Since Congress failed to take Obamacare away from 20 million people, the current President issued an executive order allowing young, healthy people to opt out and buy cheaper health insurance. This benefits them with cheaper payments, but as they might learn the hard way, you get what you pay for. Young and healthy doesn't protect one from something unexpected, like a car crash, injury from a hurricane's wind, or the stray bullet from an unregulated shooter's gun. -more-


Bear Arms Or Arm Bears

Harry Brill
Friday October 13, 2017 - 03:46:00 PM

About that second amendment that allows people the right to bear arms, a much more sensible idea would be to allow the political right to arm bears. Although bears do not have an exemplary reputation, I have never come across a bear that has engaged in las Vegas style mass murder. And to the best of my knowledge, no bear has ever assaulted any President of the United States. \What about the second amendment? The only issue I believe where there is unanimous agreement is that the second amendment comes after the first. -more-


October Pepper Spray Times

By Grace Underpressure
Saturday October 14, 2017 - 11:08:00 AM

Editor's Note: The latest issue of the Pepper Spray Times is now available.

You can view it absolutely free of charge by clicking here . You can print it out to give to your friends.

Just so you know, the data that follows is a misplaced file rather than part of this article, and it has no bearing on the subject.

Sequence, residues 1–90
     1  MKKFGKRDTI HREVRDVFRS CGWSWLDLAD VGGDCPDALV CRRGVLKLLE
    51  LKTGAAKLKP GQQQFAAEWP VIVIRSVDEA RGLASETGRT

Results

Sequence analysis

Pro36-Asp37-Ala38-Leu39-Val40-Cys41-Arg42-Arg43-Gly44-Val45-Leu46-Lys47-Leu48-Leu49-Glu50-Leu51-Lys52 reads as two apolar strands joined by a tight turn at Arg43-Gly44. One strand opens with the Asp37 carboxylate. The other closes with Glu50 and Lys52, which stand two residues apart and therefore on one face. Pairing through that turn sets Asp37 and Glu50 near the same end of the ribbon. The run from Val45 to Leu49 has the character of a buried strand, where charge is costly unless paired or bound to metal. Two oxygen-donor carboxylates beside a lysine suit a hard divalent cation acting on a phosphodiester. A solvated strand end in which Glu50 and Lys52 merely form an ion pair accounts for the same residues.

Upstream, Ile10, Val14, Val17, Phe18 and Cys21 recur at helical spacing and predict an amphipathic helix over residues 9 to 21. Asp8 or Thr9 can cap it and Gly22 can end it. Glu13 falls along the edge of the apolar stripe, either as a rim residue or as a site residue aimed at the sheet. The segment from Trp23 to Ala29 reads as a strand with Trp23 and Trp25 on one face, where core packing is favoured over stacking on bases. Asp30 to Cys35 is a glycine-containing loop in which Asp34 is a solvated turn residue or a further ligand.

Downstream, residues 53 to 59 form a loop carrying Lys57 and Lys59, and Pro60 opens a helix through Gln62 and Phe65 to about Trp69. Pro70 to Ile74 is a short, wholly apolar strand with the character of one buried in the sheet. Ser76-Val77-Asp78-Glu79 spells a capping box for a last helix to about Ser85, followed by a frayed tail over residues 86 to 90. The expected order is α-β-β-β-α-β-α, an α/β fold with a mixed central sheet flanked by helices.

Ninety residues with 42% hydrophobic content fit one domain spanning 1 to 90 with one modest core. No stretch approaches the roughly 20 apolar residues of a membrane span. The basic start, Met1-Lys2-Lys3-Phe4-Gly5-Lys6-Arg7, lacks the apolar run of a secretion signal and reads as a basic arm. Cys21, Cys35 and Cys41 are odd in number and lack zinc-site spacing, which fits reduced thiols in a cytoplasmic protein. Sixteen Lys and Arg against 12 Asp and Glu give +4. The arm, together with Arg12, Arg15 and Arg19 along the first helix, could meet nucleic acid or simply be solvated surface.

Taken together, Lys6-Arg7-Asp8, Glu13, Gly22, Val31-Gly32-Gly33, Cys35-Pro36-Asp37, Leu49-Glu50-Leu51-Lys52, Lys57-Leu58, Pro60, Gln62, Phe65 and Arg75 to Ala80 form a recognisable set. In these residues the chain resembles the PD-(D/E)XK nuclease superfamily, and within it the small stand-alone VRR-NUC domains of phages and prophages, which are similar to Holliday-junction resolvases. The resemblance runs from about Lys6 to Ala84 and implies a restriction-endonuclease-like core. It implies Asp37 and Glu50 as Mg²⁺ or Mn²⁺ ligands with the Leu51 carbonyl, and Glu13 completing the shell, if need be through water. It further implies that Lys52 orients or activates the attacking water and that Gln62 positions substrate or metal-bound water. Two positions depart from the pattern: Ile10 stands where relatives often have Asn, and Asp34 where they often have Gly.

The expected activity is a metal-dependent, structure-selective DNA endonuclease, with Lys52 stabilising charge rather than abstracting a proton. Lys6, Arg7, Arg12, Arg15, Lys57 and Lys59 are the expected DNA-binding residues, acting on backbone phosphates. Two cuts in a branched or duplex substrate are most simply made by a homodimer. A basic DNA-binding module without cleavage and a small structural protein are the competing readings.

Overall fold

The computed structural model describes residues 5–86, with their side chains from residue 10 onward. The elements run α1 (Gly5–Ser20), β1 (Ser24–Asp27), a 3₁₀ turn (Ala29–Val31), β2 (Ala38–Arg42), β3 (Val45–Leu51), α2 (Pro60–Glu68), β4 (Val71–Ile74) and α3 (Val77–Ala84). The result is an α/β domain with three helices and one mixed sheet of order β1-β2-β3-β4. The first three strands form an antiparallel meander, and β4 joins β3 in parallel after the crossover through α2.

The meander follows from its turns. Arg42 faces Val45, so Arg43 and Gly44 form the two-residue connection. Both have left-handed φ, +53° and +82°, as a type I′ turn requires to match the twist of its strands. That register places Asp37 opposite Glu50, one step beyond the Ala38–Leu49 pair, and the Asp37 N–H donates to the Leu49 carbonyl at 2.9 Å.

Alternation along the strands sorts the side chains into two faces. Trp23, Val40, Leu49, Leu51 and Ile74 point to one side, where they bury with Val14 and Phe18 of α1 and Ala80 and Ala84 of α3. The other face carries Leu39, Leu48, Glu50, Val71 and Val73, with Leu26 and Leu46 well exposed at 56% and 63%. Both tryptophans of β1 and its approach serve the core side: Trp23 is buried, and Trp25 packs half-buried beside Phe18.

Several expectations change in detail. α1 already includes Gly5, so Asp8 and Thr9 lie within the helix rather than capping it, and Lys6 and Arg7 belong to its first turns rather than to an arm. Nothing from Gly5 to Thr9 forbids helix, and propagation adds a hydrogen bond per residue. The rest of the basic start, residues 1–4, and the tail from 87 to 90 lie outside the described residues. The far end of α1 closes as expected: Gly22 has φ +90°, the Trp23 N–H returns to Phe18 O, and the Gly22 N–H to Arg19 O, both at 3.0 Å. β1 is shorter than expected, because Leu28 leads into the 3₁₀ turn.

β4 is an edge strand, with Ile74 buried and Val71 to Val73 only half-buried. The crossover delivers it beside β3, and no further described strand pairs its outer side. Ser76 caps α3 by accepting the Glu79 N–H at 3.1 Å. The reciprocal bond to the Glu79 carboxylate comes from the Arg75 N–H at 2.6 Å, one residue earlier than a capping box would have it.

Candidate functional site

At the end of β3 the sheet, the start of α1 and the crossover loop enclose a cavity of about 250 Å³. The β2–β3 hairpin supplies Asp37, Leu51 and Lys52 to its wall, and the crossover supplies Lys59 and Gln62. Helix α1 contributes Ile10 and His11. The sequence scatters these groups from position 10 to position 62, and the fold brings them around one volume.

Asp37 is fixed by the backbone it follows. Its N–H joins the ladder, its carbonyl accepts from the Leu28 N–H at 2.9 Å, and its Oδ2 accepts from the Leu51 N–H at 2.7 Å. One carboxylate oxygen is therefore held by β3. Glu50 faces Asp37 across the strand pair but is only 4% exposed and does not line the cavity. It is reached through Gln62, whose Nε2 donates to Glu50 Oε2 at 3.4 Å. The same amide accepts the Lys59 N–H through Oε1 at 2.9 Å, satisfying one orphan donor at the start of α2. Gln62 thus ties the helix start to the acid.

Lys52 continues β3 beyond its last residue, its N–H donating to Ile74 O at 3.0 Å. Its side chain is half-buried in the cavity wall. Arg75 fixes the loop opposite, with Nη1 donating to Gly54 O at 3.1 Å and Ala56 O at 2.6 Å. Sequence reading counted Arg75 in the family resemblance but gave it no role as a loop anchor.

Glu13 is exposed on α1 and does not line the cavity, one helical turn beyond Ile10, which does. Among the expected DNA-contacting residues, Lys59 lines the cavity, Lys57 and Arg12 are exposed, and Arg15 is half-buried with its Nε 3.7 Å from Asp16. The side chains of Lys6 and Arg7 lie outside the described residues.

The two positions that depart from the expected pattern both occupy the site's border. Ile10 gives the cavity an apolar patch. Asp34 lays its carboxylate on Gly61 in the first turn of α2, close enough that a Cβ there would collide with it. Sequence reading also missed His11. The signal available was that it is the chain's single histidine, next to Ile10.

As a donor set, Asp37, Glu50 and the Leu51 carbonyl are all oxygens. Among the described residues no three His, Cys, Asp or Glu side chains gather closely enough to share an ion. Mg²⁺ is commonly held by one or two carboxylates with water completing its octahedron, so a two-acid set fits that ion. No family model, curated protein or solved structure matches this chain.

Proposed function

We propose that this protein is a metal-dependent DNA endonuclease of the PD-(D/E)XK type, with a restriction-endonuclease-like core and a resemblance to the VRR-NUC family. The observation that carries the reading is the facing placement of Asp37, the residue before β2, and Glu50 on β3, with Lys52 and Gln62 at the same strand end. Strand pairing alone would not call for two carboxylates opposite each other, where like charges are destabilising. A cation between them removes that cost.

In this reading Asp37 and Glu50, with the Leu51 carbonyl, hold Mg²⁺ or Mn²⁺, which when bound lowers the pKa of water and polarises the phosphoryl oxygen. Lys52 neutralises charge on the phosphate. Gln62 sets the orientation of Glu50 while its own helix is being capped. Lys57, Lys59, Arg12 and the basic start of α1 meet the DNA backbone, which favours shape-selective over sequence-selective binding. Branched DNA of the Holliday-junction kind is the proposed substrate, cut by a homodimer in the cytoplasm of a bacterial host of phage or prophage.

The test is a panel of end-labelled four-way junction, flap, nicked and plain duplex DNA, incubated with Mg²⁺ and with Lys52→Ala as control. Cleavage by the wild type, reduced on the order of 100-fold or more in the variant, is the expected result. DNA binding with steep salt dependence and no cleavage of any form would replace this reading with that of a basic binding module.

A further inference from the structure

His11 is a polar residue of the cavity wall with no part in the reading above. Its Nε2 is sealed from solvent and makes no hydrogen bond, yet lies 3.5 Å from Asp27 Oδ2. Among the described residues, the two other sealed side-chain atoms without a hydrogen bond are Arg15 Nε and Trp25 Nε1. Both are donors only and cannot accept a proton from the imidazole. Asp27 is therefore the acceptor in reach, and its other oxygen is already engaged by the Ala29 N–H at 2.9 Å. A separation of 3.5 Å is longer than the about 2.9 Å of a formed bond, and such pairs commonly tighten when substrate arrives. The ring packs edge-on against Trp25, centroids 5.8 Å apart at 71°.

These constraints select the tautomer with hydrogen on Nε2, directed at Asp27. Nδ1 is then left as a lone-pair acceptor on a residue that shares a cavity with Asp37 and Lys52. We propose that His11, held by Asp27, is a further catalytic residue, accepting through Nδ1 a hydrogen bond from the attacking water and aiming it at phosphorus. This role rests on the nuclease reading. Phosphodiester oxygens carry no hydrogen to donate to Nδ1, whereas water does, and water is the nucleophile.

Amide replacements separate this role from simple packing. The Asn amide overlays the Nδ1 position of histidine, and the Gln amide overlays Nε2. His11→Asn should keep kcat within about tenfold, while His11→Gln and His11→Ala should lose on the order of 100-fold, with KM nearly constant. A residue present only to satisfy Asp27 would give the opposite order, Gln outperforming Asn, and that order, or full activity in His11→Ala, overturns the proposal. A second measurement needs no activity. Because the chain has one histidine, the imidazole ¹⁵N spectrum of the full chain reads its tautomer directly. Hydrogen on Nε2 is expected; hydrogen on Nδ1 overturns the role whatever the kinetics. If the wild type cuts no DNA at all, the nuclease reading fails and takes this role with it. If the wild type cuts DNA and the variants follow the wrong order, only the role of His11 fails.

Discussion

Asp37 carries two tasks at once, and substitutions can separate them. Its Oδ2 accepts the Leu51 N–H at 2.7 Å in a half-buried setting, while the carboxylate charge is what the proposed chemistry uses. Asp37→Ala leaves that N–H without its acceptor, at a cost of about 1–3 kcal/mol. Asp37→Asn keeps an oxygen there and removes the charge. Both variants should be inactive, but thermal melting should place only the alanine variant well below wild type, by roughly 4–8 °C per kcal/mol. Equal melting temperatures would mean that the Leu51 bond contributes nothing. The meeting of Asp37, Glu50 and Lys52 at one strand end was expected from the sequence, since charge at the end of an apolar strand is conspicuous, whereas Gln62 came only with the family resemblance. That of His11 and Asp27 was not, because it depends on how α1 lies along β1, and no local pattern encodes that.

Grace Underpressure has been producing it for many years now, even before the Berkeley Daily Planet started distributing it, most of the time without being paid, and now we'd like you to show your appreciation by using the button below to send her money.

This is a Very Good Deal. Go for it! -more-


Editorial

The Pure Evil of the Week Award Goes to....

Becky O'Malley
Friday October 13, 2017 - 04:20:00 PM

“A somber President Trump mourned the victims of the Las Vegas attack and called it “an act of pure evil” during brief remarks at the White House late Monday morning.

“Speaking directly from a prepared statement, the president reached for unity and struck a religious tone that is unusual for him, though more common when he reads prepared remarks.” (from an article in The Atlantic).

You can always tell when the twerpish Steven Miller has written one of Trump’s occasional teleprompter speeches, because Miller’s had enough of a (rejected) religious upbringing to manipulate the lingo. His boss didn’t even have that.

Donald Trump’s only exposture to something resembling moral thought was the Norman Vincent Peale “Power of Positive Thinking” feel-good pseudo religion. In the current administration, you could say that Miller plays The Devil to Trump’s Faust, except that the incumbent president lacks Faust’s initial innocence.

In a week where Evil has reared its ugly head all over the planet, Donald Trump has earned the Pure Evil of the Week award for his tweets about Puerto Rico. -more-